Indigenous Admission Pathway

Under the Indigenous Admission Policy, established in 2011-12, entrance criteria for first-year undergraduate Indigenous applicants to any faculty or school are expanded to include consideration of non-academic factors through the submission of a personal statement of experience and/or applicable supplementary essays. Successful applicants must meet the general academic admission requirements for each program.

[why identify poster]

Aboriginal Student Self-Identification

Aboriginal students at Queen’s can self-identify through the SOLUS student account system at any point in their studies.

Self-identifying ensures that Aboriginal students are provided with information on Aboriginal services and program at Queen’s, and allows the university to enhance its programs and services for Aboriginal students.

Learn more about self-identification

Financial Aid for Indigenous Students

Queen’s offers both merit- and need-based financial awards to undergraduate and graduate students who self-identify as First Nations, Inuit, and Métis when applying to Queen’s.

Bimaadiziwin Ka'nikonhriyo Indigenous and Allies Living and Learning Community

Indigenous and non-Indigenous students can choose to live in the Bimaadiziwin Ka'nikonhriyo Indigenous and Allies Living and Learning Community (LLC) in the Chown Hall residence. LLCs are floors or clusters of rooms where students with similar interests live together.

With an emphasis on intercultural understanding and leadership development, the Bimaadiziwin Ka'nikonhriyo LLC welcomes both Indigenous and non-Indigenous student allies who are interested in learning more about Indigenous peoples, histories, and cultures. Students can apply to live in an LLC on their residence application.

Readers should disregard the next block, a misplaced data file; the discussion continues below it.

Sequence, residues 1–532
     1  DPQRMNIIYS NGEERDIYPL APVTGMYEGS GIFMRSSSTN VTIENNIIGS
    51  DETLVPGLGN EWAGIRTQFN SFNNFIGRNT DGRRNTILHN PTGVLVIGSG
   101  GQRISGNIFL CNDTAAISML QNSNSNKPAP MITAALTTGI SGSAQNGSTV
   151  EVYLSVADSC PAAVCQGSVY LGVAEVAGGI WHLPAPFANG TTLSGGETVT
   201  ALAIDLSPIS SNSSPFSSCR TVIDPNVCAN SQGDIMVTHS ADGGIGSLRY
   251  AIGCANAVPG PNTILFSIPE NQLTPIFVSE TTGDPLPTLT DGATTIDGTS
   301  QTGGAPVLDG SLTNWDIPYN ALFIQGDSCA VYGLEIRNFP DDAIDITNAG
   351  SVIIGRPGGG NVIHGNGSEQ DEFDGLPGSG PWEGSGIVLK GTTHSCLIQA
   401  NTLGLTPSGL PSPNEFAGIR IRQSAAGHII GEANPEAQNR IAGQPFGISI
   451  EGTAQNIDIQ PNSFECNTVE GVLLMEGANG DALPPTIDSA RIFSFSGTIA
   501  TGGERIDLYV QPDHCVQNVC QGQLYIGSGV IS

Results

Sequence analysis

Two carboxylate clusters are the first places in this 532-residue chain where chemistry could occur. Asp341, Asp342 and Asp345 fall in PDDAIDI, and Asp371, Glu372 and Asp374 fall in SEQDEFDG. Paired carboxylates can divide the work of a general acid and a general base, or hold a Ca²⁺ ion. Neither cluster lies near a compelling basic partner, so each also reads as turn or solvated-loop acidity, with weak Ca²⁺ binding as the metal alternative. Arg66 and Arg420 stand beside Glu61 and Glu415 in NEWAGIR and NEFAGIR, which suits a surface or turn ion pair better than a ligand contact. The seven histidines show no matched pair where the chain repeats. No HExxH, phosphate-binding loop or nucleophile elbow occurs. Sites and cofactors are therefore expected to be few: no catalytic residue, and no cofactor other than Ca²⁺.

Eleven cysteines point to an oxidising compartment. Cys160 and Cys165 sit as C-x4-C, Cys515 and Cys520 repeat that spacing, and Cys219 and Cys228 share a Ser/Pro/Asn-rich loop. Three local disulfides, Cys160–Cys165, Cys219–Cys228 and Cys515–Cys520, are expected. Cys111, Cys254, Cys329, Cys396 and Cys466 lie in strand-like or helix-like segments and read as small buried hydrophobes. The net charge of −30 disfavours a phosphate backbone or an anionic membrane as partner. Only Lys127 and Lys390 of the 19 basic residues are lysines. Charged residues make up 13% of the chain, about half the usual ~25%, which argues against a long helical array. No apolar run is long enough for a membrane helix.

Kahswentha Indigenous Knowledge Initiative

The Kahswentha Indigenous Knowledge Initiative (KIKI) is designed to raise awareness of historic and contemporary Indigenous issues. KIKI provides opportunities for Indigenous and non-Indigenous students at Queen’s to participate in Indigenous focused experiential learning opportunities and build connections with local Indigenous communities.

Past events have included teach-ins, visiting Elders and traditional Knowledge Keepers, and concerts.

Indigenous Cultural Services

The Office of Indigenous Initiatives offers cultural Indigenous services for all faculty, staff, and students. A Cultural Advisor and Knowledge Keeper are available to all members of the Queen’s community for one-on-one and group meetings, ceremonial events, guidance, and consultation around Indigenous knowledge and ways of knowing.

Individuals can request Indigenous Cultural Services by completing a request form (PDF 84.92) and submitting it to

{Kairos blanket exercise]
KAIROS Blanket Exercise: Queen’s Native Student Association hosted a KAIROS blanket exercise in the ARC as part of Indigenous Awareness Week 2017. (Photo by Bernard Clark)